The high-paying state job for his wife. The deep discount on a prime coastal lot. The waived fees from an exclusive golf club.
Those and other perks became fodder for a lengthy state and federal criminal investigation into former Gov. Mike Easley's activities while in office. But not a hint of them entered into the proceedings Tuesday that culminated in Easley's plea on a single felony charge of failing to report a campaign expense.
Even the man who accepted the plea, Superior Court Judge W. Osmond Smith III, couldn't help but note the lack of heft to the state's case.
"So this prosecution before the court today involves one flight to a fundraiser for another candidate at a time this defendant was not a candidate?" Smith asked.
"Yes sir, that's correct," said state prosecutor William Kenerly of Salisbury.
Easley's plea ended a sprawling, 22-month investigation into his public and personal life. Aside from a former top aide who admitted to using his office to profit on a real estate development, no one else will be charged.
"If there ever was an example of [a case] not ending with a bang but a whimper, this is a perfect example of that," said Joseph B. Cheshire V, a veteran Raleigh criminal defense attorney who represented Easley.
Cheshire chastised the media - and The News & Observer in particular - for whipping up a frenzy with reports that he said were full of smoke but very little fire. But statements made by state and federal prosecutors suggest recent legal decisions and interpretations also worked in Easley's favor.
This summer, the nation's highest court found that a criminal law often used by federal prosecutors to go after political corruption - the "honest services" law - was too vague for use in many cases. Before the ruling, prosecutors could bring cases alleging that a public official had not acted in the public's interest without proving that the official had taken a bribe. Now, they will be hard-pressed to move forward without that evidence.
While Easley and his family received perks, little hard evidence emerged to show that the benefits were directly connected to government action.
U.S. Attorney George Holding did not cite the court decision in a statement issued after Easley's plea, but in an interview he said he was disappointed in the Supreme Court's decision. He said in general it has limited his office's ability to prosecute political corruption.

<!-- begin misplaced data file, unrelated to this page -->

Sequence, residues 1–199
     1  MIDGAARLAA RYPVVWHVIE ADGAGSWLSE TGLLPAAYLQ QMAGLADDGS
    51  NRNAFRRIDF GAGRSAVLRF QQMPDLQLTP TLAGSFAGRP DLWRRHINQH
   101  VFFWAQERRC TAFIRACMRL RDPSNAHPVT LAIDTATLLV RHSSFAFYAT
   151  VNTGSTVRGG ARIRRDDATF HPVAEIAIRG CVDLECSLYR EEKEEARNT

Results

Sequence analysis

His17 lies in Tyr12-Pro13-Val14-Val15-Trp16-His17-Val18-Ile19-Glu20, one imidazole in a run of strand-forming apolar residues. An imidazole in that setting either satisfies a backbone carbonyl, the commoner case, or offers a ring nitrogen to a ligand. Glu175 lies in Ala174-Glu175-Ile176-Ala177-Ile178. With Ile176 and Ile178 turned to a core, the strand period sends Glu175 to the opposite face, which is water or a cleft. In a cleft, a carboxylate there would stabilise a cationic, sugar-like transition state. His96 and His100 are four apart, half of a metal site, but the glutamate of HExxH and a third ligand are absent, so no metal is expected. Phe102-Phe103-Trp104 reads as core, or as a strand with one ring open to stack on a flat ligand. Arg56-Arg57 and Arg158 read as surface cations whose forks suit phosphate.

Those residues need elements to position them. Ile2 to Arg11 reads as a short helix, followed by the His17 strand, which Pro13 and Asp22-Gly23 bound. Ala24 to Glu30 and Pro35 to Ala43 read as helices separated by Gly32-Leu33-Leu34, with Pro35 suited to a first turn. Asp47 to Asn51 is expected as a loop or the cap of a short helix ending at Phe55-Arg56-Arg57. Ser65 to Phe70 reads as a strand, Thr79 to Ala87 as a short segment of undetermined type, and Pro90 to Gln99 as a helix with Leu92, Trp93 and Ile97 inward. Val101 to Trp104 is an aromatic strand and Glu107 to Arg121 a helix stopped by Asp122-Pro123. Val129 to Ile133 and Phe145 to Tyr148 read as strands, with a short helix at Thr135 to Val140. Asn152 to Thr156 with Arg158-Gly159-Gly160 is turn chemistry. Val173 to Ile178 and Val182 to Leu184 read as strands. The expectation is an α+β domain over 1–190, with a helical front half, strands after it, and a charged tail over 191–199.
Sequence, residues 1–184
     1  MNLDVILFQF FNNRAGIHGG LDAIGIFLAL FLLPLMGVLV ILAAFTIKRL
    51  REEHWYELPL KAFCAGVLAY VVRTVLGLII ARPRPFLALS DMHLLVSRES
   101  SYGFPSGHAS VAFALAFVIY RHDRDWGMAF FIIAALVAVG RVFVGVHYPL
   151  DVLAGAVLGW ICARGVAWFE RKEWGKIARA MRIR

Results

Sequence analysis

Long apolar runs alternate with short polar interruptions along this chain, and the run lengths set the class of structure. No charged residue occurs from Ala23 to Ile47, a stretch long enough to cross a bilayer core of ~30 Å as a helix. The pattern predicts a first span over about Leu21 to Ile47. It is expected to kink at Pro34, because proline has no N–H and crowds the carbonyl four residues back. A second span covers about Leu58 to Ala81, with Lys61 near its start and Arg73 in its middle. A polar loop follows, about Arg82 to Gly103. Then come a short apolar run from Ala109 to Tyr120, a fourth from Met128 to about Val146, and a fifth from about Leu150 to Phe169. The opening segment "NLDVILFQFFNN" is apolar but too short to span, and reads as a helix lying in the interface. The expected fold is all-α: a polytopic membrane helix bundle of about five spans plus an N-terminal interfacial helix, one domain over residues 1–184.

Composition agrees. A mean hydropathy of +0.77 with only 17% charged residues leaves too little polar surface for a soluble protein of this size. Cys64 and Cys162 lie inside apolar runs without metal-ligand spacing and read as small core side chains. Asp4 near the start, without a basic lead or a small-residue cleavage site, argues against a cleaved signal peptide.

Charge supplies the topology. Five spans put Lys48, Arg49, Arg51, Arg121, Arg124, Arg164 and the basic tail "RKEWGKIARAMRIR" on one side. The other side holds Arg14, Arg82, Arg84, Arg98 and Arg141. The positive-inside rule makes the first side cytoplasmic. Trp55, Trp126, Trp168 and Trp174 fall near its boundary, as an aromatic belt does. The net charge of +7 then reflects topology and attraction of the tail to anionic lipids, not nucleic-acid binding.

"That Supreme Court ruling dealt a severe blow to our ability to bring public corruption charges, but I cannot and won't comment on this case," he said.
Meanwhile, Kenerly and Easley's attorneys had reviewed the state's 37-year-old law pertaining to witnesses subpoenaed to appear before the State Board of Elections. It raised questions as to whether those required to testify could have their testimony used against them.
Kenerly, in court and in a news release, said the law appeared to give Easley immunity from anything he said during the hours of testimony he gave during an elections board hearing in October 2009.
"We have spent weeks sort of arguing back and forth about the impact of the immunity statute, and the best I can say [is] it is part of the reason that the state's agreed to enter this" plea agreement, Kenerly said.
The law changes
The legal landscape also changed during the time of the events in question. It wasn't a crime in 2005 when Easley's campaign paid for $11,000 in home repairs. A year later, lawmakers passed a ban on the personal use of campaign funds. The ban was in response to the scandals surrounding the legislative activities of House Speaker Jim Black, who was later convicted of political corruption.
While trials are often the public face of the American criminal justice system, many more cases end in plea agreements. Defendants weigh the risk of a conviction by trial followed by a hefty sentence, while prosecutors have to consider the possibility that a defendant could be acquitted.
"Plea bargains are compromises. That's what they are," Kenerly said after the hearing.
Cheshire acknowledged that. during plea negotiations, prosecutors talked about other charges they might seek against Easley. A letter released by the U.S. Attorney's Office indicates Easley was willing to plead to a different, unidentified charge earlier.
But Cheshire suggested the cost of mounting a trial defense in such a high-profile case was a big factor in Easley's guilty plea to a charge that will require a $1,000 fine but no jail time, probation or community service.
He said even with the assets of all of the two dozen people in the room, "We couldn't afford to defend a criminal case like this, and nobody can."
The plea, he said, is simply an admission that campaign finance laws should be followed precisely.
UNC law professor Richard Myers, a former federal prosecutor, was inclined to agree. He said one of the most telling aspects of the deal is that Easley did not have to admit any guilt by offering an Alford plea. That means Easley acknowledges only that he would be unlikely to succeed in fighting the charge if the case went to trial.
"That suggests that prosecutors think they may have some problems with the case," Myers said.
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